Everything Cloth Diapering 101
Cloth diapering is one of the smartest choices we made for our family, our finances, our little ones, and our beautiful planet. So if that is the choice you want to make, then look no further!
I am going to walk you through our decision, the system we used, and the benefits we have seen. I'll even include the links you need, just in case you’re ready to make purchases. This post will be easy but thorough— a one stop shop! PLUS if you want our tips for washing the diapers, keeping the house poo-free, and other pro-tips.
Deciding to cloth diaper was easy for us - it felt more inevitable than optional. I am not a hoarder, but when it comes to trash I feel pretty bad about my contribution to landfills (think Wall-E). This is especially true when the thing I am throwing away could reasonably by recycled or repurposed. My guilt goes a touch further than simply "feeling bad." I would actually call it "conviction" in the good ole fashioned churchy sense of the word. Environmental stewardship is just one of those pain points for me.
Treating the earth with respect and appreciation feels kind of like a prayer to me – a thanksgiving for all I have been given. Is that weird? Hah! Oh, well. It is true.
WHATS SO WILD ABOUT DISPOSABLES?
Listen, according to the EPA 90-95% of American babies produce 27.4 billion single use, plastic diapers a year which comes to roughly 7,600,000,000 pounds of garbage (that is enough waste to fill Yankee's stadium 15x over)....every year! Each baby creates about 2000 pounds of diaper garbage in 2 years.
Also, each diaper takes approximately 450 years to disintegrate in the ocean, and well over 500 years in landfills! So, let me break that down for you:
- If Martin Luther had written his 95 Theses on a Pamper before he nailed it to that door, it would still be hanging there
- Leonardo da Vinci, Michelangelo, Shakespeare, and John Calvin's Pampers would still be with us
- If Henry the VIII and Anne Boleyn had put Elizabeth I in Pampers, we would still have her fecal matter sprinkled about the English countryside (Move over Prince George, the Tudor's are back).
Cloth diapering, for us, is a way for our daughter - even at her wee little baby-age - to respond, in action, to God. It is how we, as a family unit, are choosing to be faithful to God's tenderness toward all living creatures. It is how Daniel and I communicate to Lo that we take environmental stewardship seriously. And in a year or so, when her language skills improve we will tell her, as we strap on that big pink cloth diaper, that those recycle bins (and her undergarments) are one way that her daddy and I choose to respond in love to God's goodness.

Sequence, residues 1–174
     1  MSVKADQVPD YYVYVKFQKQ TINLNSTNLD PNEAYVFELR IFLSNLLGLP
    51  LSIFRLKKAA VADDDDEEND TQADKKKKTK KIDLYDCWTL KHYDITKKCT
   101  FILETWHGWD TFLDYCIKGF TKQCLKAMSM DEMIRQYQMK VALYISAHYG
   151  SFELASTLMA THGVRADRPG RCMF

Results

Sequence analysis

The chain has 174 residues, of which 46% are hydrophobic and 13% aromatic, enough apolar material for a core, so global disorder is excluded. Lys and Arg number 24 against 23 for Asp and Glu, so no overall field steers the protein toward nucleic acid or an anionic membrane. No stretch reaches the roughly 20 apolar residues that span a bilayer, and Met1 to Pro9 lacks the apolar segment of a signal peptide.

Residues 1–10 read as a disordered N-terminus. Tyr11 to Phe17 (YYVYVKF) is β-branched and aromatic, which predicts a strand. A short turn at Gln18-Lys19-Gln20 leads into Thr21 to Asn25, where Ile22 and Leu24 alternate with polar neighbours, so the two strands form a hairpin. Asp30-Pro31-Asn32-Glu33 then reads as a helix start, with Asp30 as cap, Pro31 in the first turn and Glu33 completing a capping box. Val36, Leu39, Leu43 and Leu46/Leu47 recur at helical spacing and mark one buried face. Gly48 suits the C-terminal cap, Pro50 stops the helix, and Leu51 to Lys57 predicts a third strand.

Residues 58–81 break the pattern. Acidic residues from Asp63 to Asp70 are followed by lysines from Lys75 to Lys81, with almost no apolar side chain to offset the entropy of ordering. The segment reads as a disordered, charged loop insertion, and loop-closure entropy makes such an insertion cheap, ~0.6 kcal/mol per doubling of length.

On top of all this - cloth diapers are more gentle on a babies skin (she hasn't had one - not one - tiny bit of diaper rash). They are comfortable, adorable, and Lo can't tell when they are wet. They are easier than I would have imagined, and way cheaper....to the tune of $2000 cheaper. Did I mention they are cute? SO CUTE
There are several different kinds of cloth diapers out there. They have come a pretty long way since the days of pins and pre-folds.
- Pocket Diapers
You can check out reviews of different brands of each at Babble Blog. We chose pocket diapers because they were highly recommended and are super easy. In fact, we chose a mix of Fuzzibunz and BumGenius 4.0. Although I think I prefer the BumGenius, the Fuzzibunz come with excellent customer service and a lifetime warranty, which is why we ended up choosing them. I have had to contact them on more than one occasion with a question about how to size them or how to wash them, and they have been more than helpful. I also think the adjustable leg and waist elastics make the diapers fit younger babies. Want to know when we started using them and how we took the plunge? Download my Pro-Tips (I can’t fit all the good stuff in one post. It would be too long and too awesome).
Here is a breakdown of what a pocket diaper is and how they work:
You might not be able to tell from the pictures, but pocket diapers are as close as you can get to the structure of a disposable diaper, with the convenience of quick and easy cleaning.